Global equity markets fell on Monday as a U.S. crackdown on China's Huawei Technologies led chipmaker stocks in Europe and on Wall Street to slide on fears of a widening trade war, while the dollar was steady ahead of fresh insight on the Federal Reserve policies. China accused the United States of harboring "extravagant expectations" for a trade deal, underlining the gulf between the two sides as the U.S. action last week against Huawei began to hit the global tech sector.
are under pressure on Monday as trade tensions continue to intensify. At the beginning of the month, there was plenty of optimism over the U.S. and China reaching a trade deal. Roughly 20% of the company's revenue comes from China and as tensions rise, it's becoming more likely that Apple will find itself in the tariff crosshairs.
CEDARHURST, NY / ACCESSWIRE / May 20, 2019 / The securities litigation law firm of Kuznicki Law PLLC issues the following notice on behalf of shareholders of the following publicly traded companies. Shareholders who purchased shares in these companies during the dates listed below are encouraged to contact the firm regarding possible appointment as lead plaintiff and a preliminary estimate of their recoverable losses. If you wish to choose counsel to represent you and the class, you must apply to be appointed lead plaintiff and be selected by the Court.
Apple shares fell again on Monday after an influential analyst cut the company’s price target, saying he worried more pain was on the horizon from President Trump’s escalating trade war with China.
Skyrocketing compensation received by Corporate America's leading chief executives continues to be a topic of heated debate, and that's nowhere more clear than in the latest list of best paid CEOs, which includes well-known names such as Tesla Inc. CEO Elon Musk, Walt Disney Co. CEO Bob Iger and Apple Inc. leader Tim Cook. The first among them was Tilray Inc. (TLRY), a Canadian company majority-owned by private equity firm Privateer Holdings. Among the biggest beneficiaries of Tilray's IPO was its CEO and President, Brendan Kennedy, who was the second-highest paid U.S. executive in 2018 among companies traded on U.S. exchanges.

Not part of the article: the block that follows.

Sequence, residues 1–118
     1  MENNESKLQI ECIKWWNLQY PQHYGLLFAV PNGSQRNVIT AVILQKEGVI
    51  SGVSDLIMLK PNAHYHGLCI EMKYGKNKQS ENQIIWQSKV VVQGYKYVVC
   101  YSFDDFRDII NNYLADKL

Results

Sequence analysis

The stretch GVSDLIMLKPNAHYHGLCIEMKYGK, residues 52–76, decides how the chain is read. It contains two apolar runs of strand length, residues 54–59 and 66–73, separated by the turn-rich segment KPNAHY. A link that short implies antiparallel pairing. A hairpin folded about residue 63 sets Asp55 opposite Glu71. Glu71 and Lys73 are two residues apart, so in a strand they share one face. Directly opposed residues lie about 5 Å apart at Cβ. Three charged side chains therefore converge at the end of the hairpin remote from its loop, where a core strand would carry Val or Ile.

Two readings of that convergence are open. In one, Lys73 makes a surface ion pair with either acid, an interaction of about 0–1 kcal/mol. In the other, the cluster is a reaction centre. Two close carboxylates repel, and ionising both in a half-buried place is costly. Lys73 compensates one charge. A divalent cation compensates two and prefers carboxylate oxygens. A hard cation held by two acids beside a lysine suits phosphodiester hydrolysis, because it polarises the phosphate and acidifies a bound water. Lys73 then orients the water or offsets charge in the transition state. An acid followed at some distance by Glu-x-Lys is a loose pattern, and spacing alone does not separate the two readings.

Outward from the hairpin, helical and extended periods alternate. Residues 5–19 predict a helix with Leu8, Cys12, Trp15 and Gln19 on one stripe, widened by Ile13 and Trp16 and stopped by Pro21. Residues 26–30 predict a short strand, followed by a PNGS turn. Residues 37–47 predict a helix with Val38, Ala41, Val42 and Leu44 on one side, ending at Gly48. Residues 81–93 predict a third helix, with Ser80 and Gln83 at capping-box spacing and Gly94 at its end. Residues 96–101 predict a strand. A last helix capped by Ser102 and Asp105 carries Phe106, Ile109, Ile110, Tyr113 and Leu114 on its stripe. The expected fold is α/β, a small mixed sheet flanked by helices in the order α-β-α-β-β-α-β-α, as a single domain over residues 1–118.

Huawei's technology leadership, market reach and suspicions about spying have made the telecom giant a focal point of the trade dispute.
Microsoft Follows Apple by Raising Bets on Gaming IndustryGaming sectorLast week, Microsoft (MSFT) and Sony announced a partnership in which the “two companies will partner on new innovations to enhance customer experiences in their
Learn how the stock market works, what it means to own stocks and shares, how shares are classified, why companies issue shares, and the pros and cons of an exchange listing.
The Schall Law Firm, a national shareholder rights litigation firm, announces the filing of a class action lawsuit against Apple Inc. (“Apple” or “the Company”) (NASDAQ: AAPL) for violations of §§10(b) and 20(a) of the Securities Exchange Act of 1934 and Rule 10b-5 promulgated thereunder by the U.S. Securities and Exchange Commission. You can also reach us through the firm's website at www.schallfirm.com, or by email at email@example.com.
Tech gets caught in the trade war crossfire. What the chip crush means for the markets. With CNBC's Melissa Lee and the Fast Money traders, Tim Seymour, Mark Tepper, Dan Nathan and Guy Adami.